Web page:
KSB

Judge Somers

11-05103 Cherry et al v. Neuschafer (Doc. # 64)

Cherry et al v. Neuschafer, 11-05103 (Bankr. D. Kan. Apr. 10, 2013) Doc. # 64

PDFClick here for the pdf document.


____________________________________________________________________________ ____________________________________________________________________________
SO ORDERED.
SIGNED this 10th day of April, 2013.

 


Designated for on-line use but not print publication

IN THE UNITED STATES BANKRUPTCY COURT
FOR THE DISTRICT OF KANSAS


In Re:
JOHN CHARLES NEUSCHAFER and
AUDREY LANE NEUSCHAFER,
DEBTORS.

ANDREW CHERRY and
PAMELA CHERRY,

PLAINTIFFS,

v.
JOHN CHARLES NEUSCHAFER,
DEFENDANT.

CASE NO. 11-10282
CHAPTER 7

ADV. NO. 11-05103

MEMORANDUM OPINION AND ORDER GRANTING IN PART
PLAINTIFFS’ COMPLAINT FOR EXCEPTION FROM DISCHARGE


Case 11-05103 Doc# 64 Filed 04/10/13 Page 1 of 22



Plaintiffs Andrew and Pamela Cherry (Plaintiffs or Cherrys) seek a determination
under 11 U.S.C. §§ 523(a)(2)(A) and (a)(6)1 that under the doctrine of issue preclusion
Defendant John C. Neuschafer’s (Debtor) obligation to them under a Georgia state court
judgment for fraud in the inducement, violation of the Georgia RICO statute, punitive
damages, attorneys fees, costs, and interest is nondischargeable.2 Following denial of
Plaintiff’s motion for summary judgment,3 trial was held on February 19, 2013. For the
following reasons, the Court grants the compliant in part and holds that Plaintiffs’
judgment against Debtor for fraud in the inducement is excepted from discharge under §
523(a)(2)(A), but otherwise denies the complaint.
FINDINGS OF FACT.

By complaint filed on May 9, 2006, in the Superior Court of Gwinnett County,
Georgia (the Georgia Litigation),4 the Cherrys brought suit against Integrity Funding
Group, LLC (Integrity), Cornerstone Investment Funds, LLC (Cornerstone), John C.
Neuschafer, and Andrew J. Taulbee. The Georgia Litigation arose from a contract for the

1 Future references to Title 11 in the text shall be to the section only.

2 This Court has jurisdiction over the parties and the subject matter pursuant to 28 U.S.C. §§
157(a) and 1334(a) and (b), and the Standing Order of the United States District Court for the District of
Kansas that exercised authority conferred by § 157(a) to refer to the District's bankruptcy judges all
matters under the Bankruptcy Code and all proceedings arising under the Code or arising in or related to a
case under the Code, effective July 10, 1984. Furthermore, this Court may hear and finally adjudicate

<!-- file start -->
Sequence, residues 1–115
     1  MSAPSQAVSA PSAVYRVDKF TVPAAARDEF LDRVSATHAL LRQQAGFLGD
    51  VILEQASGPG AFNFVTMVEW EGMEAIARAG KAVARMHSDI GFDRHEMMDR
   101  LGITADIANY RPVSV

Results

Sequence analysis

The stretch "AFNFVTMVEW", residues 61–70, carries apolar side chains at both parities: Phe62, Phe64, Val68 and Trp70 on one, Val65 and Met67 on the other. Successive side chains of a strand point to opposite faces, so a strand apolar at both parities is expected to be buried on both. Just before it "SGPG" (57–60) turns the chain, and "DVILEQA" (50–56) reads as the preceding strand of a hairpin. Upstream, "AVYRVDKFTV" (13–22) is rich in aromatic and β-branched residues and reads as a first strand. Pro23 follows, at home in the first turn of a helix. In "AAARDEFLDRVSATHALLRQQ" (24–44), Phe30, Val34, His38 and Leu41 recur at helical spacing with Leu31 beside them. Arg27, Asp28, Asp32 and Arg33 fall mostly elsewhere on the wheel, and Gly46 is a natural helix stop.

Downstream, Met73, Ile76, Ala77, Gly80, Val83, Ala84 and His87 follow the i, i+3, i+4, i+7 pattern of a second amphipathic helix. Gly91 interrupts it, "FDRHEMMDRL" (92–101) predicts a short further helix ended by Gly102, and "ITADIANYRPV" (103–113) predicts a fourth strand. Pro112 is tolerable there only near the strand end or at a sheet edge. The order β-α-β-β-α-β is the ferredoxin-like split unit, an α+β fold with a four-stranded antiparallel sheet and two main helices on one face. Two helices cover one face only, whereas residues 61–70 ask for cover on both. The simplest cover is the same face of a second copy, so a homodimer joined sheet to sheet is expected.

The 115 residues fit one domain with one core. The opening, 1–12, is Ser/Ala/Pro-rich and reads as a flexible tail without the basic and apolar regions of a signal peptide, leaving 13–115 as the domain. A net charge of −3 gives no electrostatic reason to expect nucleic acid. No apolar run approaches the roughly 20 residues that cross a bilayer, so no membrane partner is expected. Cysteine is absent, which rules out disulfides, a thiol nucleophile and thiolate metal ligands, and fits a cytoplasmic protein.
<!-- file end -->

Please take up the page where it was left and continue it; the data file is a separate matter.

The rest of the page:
this matter because it is a core proceeding pursuant to 28 U.S.C. § 157(b)(2)(I). There is no objection to
venue or jurisdiction over the parties.

3 Dkt. 46.

4 Andrew and Pamela Cherry v. Integrity Funding Group, LLC., et al, Civil Action No. 06A04817-
10, Superior Court of Gwinnett County, Ga.

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sale of the Cherrys’ home to Integrity and the Cherrys’ lease from Integrity, with option
to purchase, of a replacement residence. The claims alleged included breach of contract,
fraud, specific performance, violation of Georgia Fair Business Practice Act, and
violation of the Georgia Racketeer Influenced and Corrupt Organizations Act (Georgia
RICO). Debtor was not a member of Integrity, but was a member and the manger of
defendant Cornerstone, which was a member of Integrity. Jury trial was demanded.

The complaint was personally served on Debtor at his residence, 2737 Tarva Place,
Duluth, Ga., the address stated in the compliant. This is the address of the home formerly
owed by the Cherrys; Debtor moved to this property in early April, 2005. Debtor
appeared in the action by an attorney and filed an answer and a counterclaim. On March
30, 2007, an order was entered granting the motion of Debtor’s attorney to withdraw.
Debtor knew of the withdrawal. In the notice of withdrawal, prepared by Debtor’s
counsel, Debtor’s address is stated to be 951 Fernbank Lane, Dacula, GA. Debtor
testified he had lived at the Dacula address, but had moved by the time he retained his
trial counsel, to whom he gave his correct address on Tarva Place in Duluth, GA.

Debtor testified that after the withdrawal of his attorney he did not hire an
attorney, but did consult with his brother-in-law, who is an attorney. They agreed that no
entry of appearance would be made and that Debtor was to notify his brother-in-law in
the event of a trial. Debtor monitored the litigation every month or two by reviewing the
court’s on-line system, which had the information commonly found on a docket sheet.
The record contains a copy of the docket sheet, but Debtor testified that it was not the

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same information as was available on-line, since there are approximately 60 entries
between March 30, 2007 and March 13, 2008, on the docket sheet which Debtor states
were, at least for the most part, not in the information available on-line at the times he
electronically checked the status of the Georgia Litigation.

The docket sheet entry for March 13, 2008 states “dismissal order.” Debtor saw
this entry and understood it to mean that the case against him was dismissed. He
thereafter stopped checking the litigation status on-line. The entry immediately preceding